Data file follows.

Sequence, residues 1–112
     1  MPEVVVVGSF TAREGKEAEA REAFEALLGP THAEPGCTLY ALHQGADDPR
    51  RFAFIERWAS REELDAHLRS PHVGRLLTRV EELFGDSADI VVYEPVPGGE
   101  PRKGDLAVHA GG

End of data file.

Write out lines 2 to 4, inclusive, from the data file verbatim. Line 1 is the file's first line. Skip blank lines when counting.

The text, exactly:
     1  MPEVVVVGSF TAREGKEAEA REAFEALLGP THAEPGCTLY ALHQGADDPR
    51  RFAFIERWAS REELDAHLRS PHVGRLLTRV EELFGDSADI VVYEPVPGGE
   101  PRKGDLAVHA GG